While there are no universal standards for the content of a health record, there is federal guidance from the Centers of Medicare and Medicaid Services and recognized best practices published by the American Dental Association and the American Academy of Pediatric Dentistry.
Additionally, state dental practice acts and third-party payers (such as state Medicaid programs) may have some additional charting requirements for records. Accordingly, safety net dental clinics should check with relevant state agencies and organizations to fully understand state- and program-specific requirements.
Complete health records, written every time there is an event related to the health of a patient, are the best defense against an audit or a malpractice action. Poor records, on the other hand, can make even a non-meritorious claim impossible to defend.
A health record needs to document
A complete diagnosis of the patient's condition or disease.
The treatment of choice, along with alternatives and risks, explained to the patient.
A narrative summary of any relevant conversations, including those held in a waiting room or on the phone, regarding prognosis and patient-preferred treatment choices.
Include in a health record
Include in the health record, as appropriate
Oral health history
Diagnosis that supports the medical necessity of each service provided
Signed progress notes
Acknowledgment of receipt of notice of privacy practices and Health Insurance Portability and Accountability Act (HIPAA) consent
Caries risk assessment
General and Informed consent and informed refusal documentation
Periodontal assessment records
Consultations or referrals
Additional ancillary records
Reason for next visit
Status of the patient at the completion of the treatment (for example, “Patient tolerated procedure well”)
Copies of actual prescription slips. The prescription slip is imprinted with the provider’s Drug Enforcement Administration and license numbers. Anyone who obtains a copy of that record can use those numbers and forge prescriptions. The health record does, however, need to include information about all medications that have been prescribed, including dose, amount, directions for use, and number of refills.
Documentation related to any discussion with your attorney or liability insurance carrier about a particular case where fear of a malpractice claim is present. Records are obtainable by the patient and the patient’s attorney. All information in the patient record may be considered discoverable and not privileged. Keep a separate file designated for such subjects.
Critical or subjective comments about the patient. The health record should include only relevant, factual comments about the patient’s oral condition or disease and treatment. Subjective, negative, or irrelevant comments may reflect poorly on the clinician’s professionalism and raise questions about qualifications. When documenting an unpleasant aspect of the provider-patient relationship, use direct quotes whenever possible.
The patient’s financial information. The cost of treatment can influence how care is perceived. This can even determine if a patient accepts or declines a recommended treatment. If cost is a factor, it should be included in the patient’s health record to explain why the patient is choosing or declining a particular treatment option.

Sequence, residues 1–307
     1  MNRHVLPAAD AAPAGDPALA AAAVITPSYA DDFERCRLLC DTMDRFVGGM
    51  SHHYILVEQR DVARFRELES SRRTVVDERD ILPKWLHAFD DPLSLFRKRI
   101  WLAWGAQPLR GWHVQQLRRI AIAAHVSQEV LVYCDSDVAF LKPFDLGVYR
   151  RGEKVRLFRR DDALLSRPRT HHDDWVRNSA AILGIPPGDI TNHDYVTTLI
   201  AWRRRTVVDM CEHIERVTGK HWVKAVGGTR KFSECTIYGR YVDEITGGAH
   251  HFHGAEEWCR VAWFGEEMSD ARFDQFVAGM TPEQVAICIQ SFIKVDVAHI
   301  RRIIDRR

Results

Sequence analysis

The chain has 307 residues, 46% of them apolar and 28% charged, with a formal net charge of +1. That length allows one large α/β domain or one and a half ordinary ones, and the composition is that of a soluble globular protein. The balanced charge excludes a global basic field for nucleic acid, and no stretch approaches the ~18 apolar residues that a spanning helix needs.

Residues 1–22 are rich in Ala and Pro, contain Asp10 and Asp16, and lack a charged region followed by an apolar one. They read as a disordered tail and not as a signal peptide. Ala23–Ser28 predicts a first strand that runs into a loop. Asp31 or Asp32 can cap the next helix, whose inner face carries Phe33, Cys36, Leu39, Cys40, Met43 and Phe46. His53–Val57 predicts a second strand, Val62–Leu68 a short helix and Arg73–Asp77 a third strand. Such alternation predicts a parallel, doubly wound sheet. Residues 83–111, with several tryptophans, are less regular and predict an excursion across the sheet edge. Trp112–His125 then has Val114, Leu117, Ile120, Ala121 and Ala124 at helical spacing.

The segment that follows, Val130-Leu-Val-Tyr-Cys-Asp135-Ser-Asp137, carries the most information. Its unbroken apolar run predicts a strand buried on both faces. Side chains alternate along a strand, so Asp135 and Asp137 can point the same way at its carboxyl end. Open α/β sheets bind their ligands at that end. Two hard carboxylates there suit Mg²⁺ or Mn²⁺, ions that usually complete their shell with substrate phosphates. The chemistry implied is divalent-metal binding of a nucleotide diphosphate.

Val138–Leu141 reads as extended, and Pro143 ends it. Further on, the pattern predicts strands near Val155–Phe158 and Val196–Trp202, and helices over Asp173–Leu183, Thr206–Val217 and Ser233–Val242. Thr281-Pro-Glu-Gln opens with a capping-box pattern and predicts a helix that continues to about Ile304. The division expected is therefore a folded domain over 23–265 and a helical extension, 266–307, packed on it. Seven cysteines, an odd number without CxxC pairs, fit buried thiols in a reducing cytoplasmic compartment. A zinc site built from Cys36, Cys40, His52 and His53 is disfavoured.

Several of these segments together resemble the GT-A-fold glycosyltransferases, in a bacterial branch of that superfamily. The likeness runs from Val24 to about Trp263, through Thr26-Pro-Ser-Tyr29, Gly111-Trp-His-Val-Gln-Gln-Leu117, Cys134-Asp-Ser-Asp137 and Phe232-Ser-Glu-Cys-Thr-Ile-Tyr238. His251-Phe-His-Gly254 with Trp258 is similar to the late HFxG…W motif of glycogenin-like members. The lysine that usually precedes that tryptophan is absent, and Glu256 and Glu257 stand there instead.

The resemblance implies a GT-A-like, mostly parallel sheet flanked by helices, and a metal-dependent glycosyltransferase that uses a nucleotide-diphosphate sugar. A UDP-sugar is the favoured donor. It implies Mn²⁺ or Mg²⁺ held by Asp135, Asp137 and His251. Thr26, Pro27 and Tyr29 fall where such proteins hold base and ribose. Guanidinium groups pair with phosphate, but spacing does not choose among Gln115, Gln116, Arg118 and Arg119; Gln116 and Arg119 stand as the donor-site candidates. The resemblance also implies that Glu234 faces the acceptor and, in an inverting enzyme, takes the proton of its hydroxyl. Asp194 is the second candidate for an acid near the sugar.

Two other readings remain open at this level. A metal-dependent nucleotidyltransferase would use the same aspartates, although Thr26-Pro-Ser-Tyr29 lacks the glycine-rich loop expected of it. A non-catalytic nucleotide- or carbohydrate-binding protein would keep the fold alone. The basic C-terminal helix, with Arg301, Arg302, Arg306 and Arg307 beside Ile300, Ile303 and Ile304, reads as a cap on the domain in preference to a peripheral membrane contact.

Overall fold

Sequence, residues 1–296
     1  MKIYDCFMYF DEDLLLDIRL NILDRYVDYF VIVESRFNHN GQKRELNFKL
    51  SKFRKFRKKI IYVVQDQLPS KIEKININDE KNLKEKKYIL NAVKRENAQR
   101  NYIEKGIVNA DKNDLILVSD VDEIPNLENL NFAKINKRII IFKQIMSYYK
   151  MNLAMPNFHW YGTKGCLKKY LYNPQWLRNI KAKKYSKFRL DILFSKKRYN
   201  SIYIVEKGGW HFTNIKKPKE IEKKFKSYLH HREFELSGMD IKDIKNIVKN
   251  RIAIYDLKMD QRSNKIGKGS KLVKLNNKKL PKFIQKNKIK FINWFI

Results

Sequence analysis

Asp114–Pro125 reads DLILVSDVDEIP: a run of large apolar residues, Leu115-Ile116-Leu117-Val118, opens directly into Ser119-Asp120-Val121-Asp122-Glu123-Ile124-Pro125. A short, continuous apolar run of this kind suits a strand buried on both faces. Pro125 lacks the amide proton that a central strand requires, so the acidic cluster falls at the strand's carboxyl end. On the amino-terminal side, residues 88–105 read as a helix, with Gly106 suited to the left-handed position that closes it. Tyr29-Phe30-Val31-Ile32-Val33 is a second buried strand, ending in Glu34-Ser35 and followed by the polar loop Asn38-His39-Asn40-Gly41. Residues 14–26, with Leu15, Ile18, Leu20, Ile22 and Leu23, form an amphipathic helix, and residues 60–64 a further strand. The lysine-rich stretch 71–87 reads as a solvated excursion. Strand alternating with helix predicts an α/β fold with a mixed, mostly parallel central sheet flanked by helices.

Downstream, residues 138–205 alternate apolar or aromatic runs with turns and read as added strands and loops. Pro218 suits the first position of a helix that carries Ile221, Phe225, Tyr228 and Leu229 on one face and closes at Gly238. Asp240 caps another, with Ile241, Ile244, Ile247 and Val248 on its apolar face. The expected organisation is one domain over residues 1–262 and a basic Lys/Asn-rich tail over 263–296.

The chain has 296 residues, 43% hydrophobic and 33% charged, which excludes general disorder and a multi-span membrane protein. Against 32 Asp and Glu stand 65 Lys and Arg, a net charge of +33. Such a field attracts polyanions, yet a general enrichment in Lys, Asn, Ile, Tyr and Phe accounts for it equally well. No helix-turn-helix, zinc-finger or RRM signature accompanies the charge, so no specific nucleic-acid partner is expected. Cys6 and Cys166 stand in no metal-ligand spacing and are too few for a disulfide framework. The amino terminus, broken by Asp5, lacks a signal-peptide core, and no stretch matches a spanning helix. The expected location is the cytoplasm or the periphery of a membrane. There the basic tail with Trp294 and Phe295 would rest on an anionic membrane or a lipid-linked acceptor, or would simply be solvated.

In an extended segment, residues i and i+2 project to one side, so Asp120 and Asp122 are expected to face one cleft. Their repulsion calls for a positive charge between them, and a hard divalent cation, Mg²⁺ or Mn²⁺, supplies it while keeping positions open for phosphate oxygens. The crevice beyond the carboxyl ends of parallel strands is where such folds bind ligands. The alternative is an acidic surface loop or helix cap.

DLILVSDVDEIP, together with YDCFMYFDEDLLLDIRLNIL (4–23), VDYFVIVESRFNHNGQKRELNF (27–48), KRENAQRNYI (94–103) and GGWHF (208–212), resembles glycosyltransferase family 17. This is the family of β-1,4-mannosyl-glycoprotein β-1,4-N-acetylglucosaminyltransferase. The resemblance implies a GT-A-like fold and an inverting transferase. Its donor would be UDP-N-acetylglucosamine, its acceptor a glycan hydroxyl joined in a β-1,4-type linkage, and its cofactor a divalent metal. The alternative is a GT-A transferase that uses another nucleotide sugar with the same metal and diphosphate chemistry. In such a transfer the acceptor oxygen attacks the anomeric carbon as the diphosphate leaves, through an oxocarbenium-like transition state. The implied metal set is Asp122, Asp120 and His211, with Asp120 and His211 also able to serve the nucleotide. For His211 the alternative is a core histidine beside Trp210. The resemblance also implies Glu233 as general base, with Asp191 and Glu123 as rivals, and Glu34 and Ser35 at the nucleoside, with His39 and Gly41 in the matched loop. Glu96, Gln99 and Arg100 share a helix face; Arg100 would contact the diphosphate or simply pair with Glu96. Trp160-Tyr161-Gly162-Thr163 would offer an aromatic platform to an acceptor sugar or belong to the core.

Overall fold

Guidelines for Records Maintenance
Be sure to adequately document the medical necessity of treatment; that is, why you did what you did. Dentists are well-trained in documenting what has been done, but it is incorrect to assume that the reason is self-evident. Consider these guidelines:
Electronic health record (EHR) systems must include a redundant and secure back up system.
Each procedure code and group note needs to be signed by the attending dentist.
When making a correction to an EHR, create an addendum to the progress note with the name of the staff member making the corrections and the corresponding addendum date.
Be specific. Avoid generalizations and characterizations.
Be objective; use facts only. Record what actually occurred and what is clinically relevant. Personal comments are not appropriate.
Double check accuracy, especially of recorded drug doses.
Be complete. If in doubt about whether something is relevant, write it down.
Note details about translator services as appropriate.
Be timely. Charts should be signed by the end of the day; otherwise it is easy to forget details.
Use standard abbreviations. Good records are useless if no one can read them.
Never destroy a dental record.
Do not alter or make additions to a dental record after receiving a request for a dental record or notice of a claim or suit.
Be sure to document all patient contacts (phone conversations and conversations in the office) in the health record. Include the date and time of the conversation, and document important details.
Document missed appointments and calls made to patients to schedule needed care.
Be sure to scan patient-specific documents into the electronic record promptly and to verify that the document being scanned matches the patient’s chart.
Ensure that medical history is filled out completely and updated periodically.
Document all patient instructions.
Provide patients with written health information about their oral condition or disease, and document this in the record.
Document informed consent, including risks, benefits, and refusals.
Document all clinical findings, including complications of treatment or unusual occurrences.
Date and sign all laboratory results after reviews.
This material includes general guidelines. The laws of each state may vary, and the reader may want to contemplate seeking legal advice from an attorney licensed in the state the health care provider practices for specific guidance.